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It was only a matter of time before Bitcoin entered politics.
Earlier this week, the North Carolina State Board of Elections Campaign Finance Office denied Republican candidate Emmanuel Wilder from accepting campaign donations in Bitcoin or other digital currency. The Board outlined the following issues:
North Carolina’s campaign finance regulations set monetary limits in US dollars.
Bitcoin and other digital currencies cannot be reliably valued.
Additionally, campaign finance watchdogs have argued that the potential anonymity of digital currencies may make it difficult to comply with state disclosure requirements — both who is donating and the amount that is donated.
This issue is not exclusive to North Carolina though. Last year, the Kansas Governmental Ethics Commission prohibited state and local candidates from accepting campaign donations in Bitcoin. Then in June, a candidate from Missouri was required to return a $130,000 Bitcoin donation because it violated the upper limit for individual contributions ($5,400).
What is the irony in all this?
In 2014, the Federal Election Committee explicitly approved federal candidates to accept campaign donations in Bitcoin. The regulatory body even created and circulated specific rules around Bitcoin donations and collections. Bitcoin and politics don’t only intersect during campaign finance debates though.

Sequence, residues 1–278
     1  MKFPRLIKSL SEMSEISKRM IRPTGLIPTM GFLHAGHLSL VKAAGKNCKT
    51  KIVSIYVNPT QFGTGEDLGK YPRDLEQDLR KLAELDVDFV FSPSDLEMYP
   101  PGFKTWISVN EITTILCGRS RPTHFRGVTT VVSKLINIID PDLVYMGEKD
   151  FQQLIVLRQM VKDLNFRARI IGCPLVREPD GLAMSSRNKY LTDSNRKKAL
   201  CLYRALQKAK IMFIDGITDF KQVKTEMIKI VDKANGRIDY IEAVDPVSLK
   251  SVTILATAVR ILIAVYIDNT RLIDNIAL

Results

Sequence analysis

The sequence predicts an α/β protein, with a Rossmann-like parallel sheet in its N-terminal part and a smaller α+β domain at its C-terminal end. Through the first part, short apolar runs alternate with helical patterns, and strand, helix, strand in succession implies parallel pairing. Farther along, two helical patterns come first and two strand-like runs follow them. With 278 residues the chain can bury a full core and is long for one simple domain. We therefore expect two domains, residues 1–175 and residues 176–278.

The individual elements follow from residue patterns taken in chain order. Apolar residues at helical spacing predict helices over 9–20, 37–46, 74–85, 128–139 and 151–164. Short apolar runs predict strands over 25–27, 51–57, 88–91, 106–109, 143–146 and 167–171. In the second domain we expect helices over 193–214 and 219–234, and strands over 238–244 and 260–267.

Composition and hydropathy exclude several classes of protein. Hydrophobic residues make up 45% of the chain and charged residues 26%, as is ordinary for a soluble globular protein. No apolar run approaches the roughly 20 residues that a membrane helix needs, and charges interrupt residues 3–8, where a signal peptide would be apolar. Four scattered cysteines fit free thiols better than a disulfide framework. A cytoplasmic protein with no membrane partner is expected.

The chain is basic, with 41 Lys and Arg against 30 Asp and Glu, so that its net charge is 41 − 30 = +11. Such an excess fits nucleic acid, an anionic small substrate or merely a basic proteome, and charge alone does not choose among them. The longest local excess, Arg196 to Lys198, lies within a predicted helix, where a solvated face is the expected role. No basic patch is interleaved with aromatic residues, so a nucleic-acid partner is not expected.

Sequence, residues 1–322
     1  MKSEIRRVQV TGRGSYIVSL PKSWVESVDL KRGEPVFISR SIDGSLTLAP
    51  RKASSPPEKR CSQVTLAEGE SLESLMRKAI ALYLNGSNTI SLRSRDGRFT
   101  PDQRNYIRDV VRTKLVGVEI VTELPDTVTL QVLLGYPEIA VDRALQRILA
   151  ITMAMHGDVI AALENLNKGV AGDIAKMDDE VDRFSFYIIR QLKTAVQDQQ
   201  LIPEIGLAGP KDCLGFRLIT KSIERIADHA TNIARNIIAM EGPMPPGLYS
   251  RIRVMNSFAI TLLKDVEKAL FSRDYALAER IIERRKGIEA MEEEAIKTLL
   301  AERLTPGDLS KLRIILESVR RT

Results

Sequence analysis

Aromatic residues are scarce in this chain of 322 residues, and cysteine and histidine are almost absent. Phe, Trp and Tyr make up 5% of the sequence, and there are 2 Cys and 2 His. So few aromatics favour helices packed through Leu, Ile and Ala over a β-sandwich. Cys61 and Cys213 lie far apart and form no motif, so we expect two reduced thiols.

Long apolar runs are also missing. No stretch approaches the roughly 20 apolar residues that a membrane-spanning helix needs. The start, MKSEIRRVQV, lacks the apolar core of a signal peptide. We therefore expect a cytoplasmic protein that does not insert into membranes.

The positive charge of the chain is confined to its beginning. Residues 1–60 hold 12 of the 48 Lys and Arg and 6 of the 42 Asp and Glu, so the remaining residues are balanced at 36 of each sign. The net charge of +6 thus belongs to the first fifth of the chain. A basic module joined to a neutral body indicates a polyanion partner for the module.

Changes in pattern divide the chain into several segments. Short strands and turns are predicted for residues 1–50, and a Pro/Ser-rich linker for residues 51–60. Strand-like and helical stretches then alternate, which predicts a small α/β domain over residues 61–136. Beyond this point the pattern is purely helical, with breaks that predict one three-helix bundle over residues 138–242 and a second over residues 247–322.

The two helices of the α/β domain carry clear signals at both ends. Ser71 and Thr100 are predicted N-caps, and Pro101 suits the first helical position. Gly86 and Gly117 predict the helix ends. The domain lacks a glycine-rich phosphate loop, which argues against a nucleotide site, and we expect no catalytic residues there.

The House Ethics Committee now requires any lawmaker to publicly reveal all digital token holdings over $1,000 in value. The first Congressman expected to report his holdings is Bobby Goodlatte, the chair of the House Judiciary Committee (he reportedly owns between $17,000 and $80,000 in Bitcoin, Ethereum, and Bitcoin Cash).
So if Congressmen are holding tens of thousands of dollars in digital currencies and federal candidates are allowed to accept these digital assets as campaign donations, why are state regulatory bodies preventing state candidates from doing the same?
The answer lies somewhere between fear and lack of understanding. In essence, people fear that which they do not understand. This shouldn’t be a viable reason though. The solution to campaign finance rules around Bitcoin should be simple:
Require KYC/AML verification of digital wallets that make political donations.
Require stringent reporting from candidates on who donates and how much.
Require candidates to conform to a single standard for valuing all digital assets.
Require donors to abide by existing campaign finance limits, both individuals and corporations.
These four simple rules should clean up most of the uncertainty. It should lead to a more transparent, fair campaign finance environment, where donors have the freedom to choose which currency they hold their wealth in.
Change rarely happens quickly. However, we are slowly watching digital assets infiltrate every aspect of our lives. As I always say, the virus is spreading…
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